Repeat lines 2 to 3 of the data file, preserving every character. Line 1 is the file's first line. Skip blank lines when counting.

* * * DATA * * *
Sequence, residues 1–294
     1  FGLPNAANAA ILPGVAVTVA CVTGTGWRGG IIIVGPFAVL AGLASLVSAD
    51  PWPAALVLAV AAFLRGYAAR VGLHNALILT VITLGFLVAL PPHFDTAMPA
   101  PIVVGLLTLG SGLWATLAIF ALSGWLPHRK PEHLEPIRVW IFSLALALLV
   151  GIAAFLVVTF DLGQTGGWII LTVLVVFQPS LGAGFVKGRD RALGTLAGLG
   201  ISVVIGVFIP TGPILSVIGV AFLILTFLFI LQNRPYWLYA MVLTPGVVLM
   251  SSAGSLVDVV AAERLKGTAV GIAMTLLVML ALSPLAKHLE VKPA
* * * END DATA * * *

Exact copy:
     1  FGLPNAANAA ILPGVAVTVA CVTGTGWRGG IIIVGPFAVL AGLASLVSAD
    51  PWPAALVLAV AAFLRGYAAR VGLHNALILT VITLGFLVAL PPHFDTAMPA